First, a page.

As heavy rain flooded the Lake Superior Zoo Tuesday night, no one was there to notice that a polar bear and two seals had escaped from their enclosures.
The zoo's response to the flood took hours and left some residents wondering it was safe to leave their homes. Zoo keepers did not realize the facility was flooded until they received a call about a seal in the middle of a nearby road.
That's because, unlike the Minnesota Zoo and the Como Zoo, the Lake Superior Zoo does not have 24-hour security guards, cameras, or motion detectors. The U.S. Department of Agriculture, which regulates zoos, does not require zoos to provide 24-hour security. Officials at the Duluth zoo said the flood was unpredictable and they had planned to install security cameras later this summer.
A chaotic scene unfolded after Duluth residents spotted the loose zoo animals.
Grow the Future of Public Media
MPR News is supported by Members. Gifts from individuals power everything you find here. Make a gift of any amount today to become a Member!
Northeast Minnesota Floods: The Latest
• Photos: Duluth, northeast Minnesota awash
• Photos: Gooseberry Falls at full trottle
• Photos: North Shore residents shocked by deluge
• Photos: Moose Lake fights the flood
• Story: Tourism-dependent region worries
• Story: Duluth turns to FEMA for help
• Story: Cell phone, 911, cable out in Arrowhead
• Story: Frantic search for loose zoo animals
• Map: Duluth, North Shore flood zone
• Closures: Highways, Duluth streets, state parks
Donald Melton drove past the zoo sometime after 2 a.m. and noticed what he thought was an injured dog in the middle of the road. He circled back and turned on his headlights.
''I'm like, 'What the hell is that?''' he said. It was a seal named 'Feisty'. Melton decided to call 911, but he couldn't find his phone.
As he said he considered whether to load the seal into his car, another driver, Ellie Burchar, pulled up.
''My first thought was like, 'Oh my god, there's a seal from the zoo,'' she said. ''Nobody even knew the seal was out or the zoo was even flooded.''
She grabbed her phone and snapped a quick photo, which would later be viewed by hundreds of thousands of people online. A fire truck noticed the cars and the flopping animal and pulled over, while Burchar called 911.
''The fire crew's like, 'How do we do this? Do we got a tarp?'' she said. ''Should we cut a hole in the fence and let him go back in?''
One of the fire officials called the zoo's animal management director, Peter Pruett, while another walked across the street to the zoo's fence to find out how the animal escaped. He returned with bad news.
''He said, 'the zoo is under water,' Burchar recalled. ''And I'm thinking, 'Oh my god. What about the rest of the animals?''
Those animals included a polar bear named Berlin, a grizzly bear, and several tigers. The group nervously watched the fence and waited for zoo keepers to arrive. About five hours had passed since the last zoo employee had left for the night.
Pruett, the animal management director, was the first zoo employee on the scene. He focused on the seal at first and convinced her to walk back to the zoo's gates. When they arrived, Pruett saw the flood waters and began calling every zoo keeper with an urgent message: Get to the zoo as fast as you can.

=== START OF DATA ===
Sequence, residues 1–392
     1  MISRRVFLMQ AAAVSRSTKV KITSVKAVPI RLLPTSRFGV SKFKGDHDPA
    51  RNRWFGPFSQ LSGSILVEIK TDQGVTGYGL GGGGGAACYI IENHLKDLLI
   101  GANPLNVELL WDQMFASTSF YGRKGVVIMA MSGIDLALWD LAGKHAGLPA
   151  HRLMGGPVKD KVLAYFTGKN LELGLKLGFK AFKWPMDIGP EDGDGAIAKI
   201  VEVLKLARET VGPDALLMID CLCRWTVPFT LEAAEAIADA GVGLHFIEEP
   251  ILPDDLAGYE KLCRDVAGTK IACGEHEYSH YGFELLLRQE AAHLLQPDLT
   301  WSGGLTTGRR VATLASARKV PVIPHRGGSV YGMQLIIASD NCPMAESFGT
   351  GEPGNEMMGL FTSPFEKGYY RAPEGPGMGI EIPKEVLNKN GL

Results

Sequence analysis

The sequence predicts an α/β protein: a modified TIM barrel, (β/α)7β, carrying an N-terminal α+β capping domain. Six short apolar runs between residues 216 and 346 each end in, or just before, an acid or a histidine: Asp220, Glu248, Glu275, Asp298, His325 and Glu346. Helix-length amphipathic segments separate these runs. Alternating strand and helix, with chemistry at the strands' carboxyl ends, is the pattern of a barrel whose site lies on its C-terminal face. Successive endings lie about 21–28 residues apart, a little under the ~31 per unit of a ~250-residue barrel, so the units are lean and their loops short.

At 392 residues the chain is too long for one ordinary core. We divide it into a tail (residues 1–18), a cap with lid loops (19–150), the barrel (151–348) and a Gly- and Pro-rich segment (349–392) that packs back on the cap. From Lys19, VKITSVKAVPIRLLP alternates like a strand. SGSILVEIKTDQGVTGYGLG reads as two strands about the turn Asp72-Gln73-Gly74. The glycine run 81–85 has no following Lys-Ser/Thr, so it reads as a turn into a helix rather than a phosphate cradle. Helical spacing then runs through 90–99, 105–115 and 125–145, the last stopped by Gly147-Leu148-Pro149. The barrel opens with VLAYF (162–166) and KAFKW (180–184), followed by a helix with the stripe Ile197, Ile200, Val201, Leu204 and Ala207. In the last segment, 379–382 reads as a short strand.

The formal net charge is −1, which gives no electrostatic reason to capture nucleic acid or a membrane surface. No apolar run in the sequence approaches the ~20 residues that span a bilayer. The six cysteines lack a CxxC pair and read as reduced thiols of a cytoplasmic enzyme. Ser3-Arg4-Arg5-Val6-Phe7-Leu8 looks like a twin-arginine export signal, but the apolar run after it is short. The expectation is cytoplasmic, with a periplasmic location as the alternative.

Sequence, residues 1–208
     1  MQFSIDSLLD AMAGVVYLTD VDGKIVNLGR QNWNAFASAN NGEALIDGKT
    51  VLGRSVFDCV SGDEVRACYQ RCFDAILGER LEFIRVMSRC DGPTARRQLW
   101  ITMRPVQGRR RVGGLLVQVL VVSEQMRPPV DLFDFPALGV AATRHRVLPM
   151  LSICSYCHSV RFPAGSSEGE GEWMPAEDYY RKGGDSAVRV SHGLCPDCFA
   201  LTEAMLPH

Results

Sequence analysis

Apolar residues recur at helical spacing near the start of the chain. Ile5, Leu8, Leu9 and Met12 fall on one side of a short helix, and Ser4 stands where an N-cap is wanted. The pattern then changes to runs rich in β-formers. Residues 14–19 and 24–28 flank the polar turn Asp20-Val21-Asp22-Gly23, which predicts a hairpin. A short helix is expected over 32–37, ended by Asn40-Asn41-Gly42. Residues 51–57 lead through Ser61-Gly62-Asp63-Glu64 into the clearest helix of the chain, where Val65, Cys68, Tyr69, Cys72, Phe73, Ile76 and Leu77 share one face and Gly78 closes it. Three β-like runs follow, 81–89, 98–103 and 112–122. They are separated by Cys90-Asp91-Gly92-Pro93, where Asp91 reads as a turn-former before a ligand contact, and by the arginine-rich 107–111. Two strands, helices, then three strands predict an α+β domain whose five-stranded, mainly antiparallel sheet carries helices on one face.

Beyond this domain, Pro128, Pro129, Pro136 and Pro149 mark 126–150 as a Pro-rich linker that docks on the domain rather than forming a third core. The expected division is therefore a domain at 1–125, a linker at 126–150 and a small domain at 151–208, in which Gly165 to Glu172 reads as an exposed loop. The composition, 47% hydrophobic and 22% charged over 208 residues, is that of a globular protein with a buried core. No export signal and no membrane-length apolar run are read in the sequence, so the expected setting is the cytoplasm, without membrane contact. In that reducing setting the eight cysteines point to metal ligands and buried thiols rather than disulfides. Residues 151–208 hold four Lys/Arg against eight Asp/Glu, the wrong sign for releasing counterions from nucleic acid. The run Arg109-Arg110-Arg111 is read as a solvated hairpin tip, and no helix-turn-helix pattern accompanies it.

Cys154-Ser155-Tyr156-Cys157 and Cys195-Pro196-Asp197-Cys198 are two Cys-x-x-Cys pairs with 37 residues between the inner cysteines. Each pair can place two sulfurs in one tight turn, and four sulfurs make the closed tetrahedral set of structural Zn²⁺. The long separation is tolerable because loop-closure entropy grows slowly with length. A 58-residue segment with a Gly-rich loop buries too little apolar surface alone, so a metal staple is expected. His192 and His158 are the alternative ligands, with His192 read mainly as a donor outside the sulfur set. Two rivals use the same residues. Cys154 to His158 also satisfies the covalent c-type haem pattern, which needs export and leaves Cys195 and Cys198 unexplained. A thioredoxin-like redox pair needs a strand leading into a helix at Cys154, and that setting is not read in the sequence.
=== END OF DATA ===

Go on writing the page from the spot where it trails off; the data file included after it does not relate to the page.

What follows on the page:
By 3:30 a.m., the search had begun. Zoo keepers, accompanied by armed police officers, waded through the flood waters and headed for the carnivore exhibits. They tranquilized the tigers, loaded them on a pick-up truck, and drove them to a more secure area in the zoo, in case the flooding worsened.
As dawn broke, animal management director Peter Pruett looked up and saw Berlin, the zoo's polar bear, standing on a rock outside her enclosure, surveying the damage. The flood waters rapidly receded, and Berlin climbed off the rock to explore nearby exhibits. A zoo official then shot her with a tranquilizer gun. The bear ran a few feet toward the tiger exhibit and collapsed. She was later transported, along with two seals, to the Como Zoo in St. Paul. All three animals are safe and doing well, Pruett said.
Other animals weren't so lucky. Thirteen animals drowned in the zoo's barnyard area--a miniature donkey, 4 Nigerian dwarf goats, 6 sheep, a turkey vulture and a snowy owl. One raven is still missing.
Zoo keepers worked for more than 20 hours, almost non-stop, clearing debris and looking for animals.
''Throughout the whole day, you took care of business, and then you stopped, and you cried a little bit, and then you got back up and you went back to work,'' Pruett said.
The zoo plans to re-evaluate its emergency response procedures and install security cameras, but Pruett said it's unclear whether cameras would have helped. He said the flooding was so unexpected and happened so quickly, that even if security guards had been at the zoo, they likely would not have been able to rescue the animals.
''We can sit back and go, 'We should have done this or that,''' he said. ''But that's easy to do after the fact.''
When zoos flood, zoo keepers they often have at least some advance notice. The Roosevelt Park Zoo in Minot, North Dakota had three days to evacuate before a flood hit the area last summer, said zoo director David Merritt.
''That's a big difference than being caught off guard in the middle of the night,'' he said.
The Minot zoo was badly damaged in the flood and remains closed. Most of the animals were sent to other zoos around the country. The zoo might be able to re-open by the end of the summer, Merritt said, but most of the exhibits will still be closed.
Pruett said the recovery effort at his zoo will be much faster. A volunteer clean-up is planned for this weekend, and Pruett hopes to re-open most of the zoo in about a week. However, the polar bear and seal exhibits will probably stay closed for months, he said.
The zoo plans to ask a structural engineer to survey the damage to find out what caused the flooding.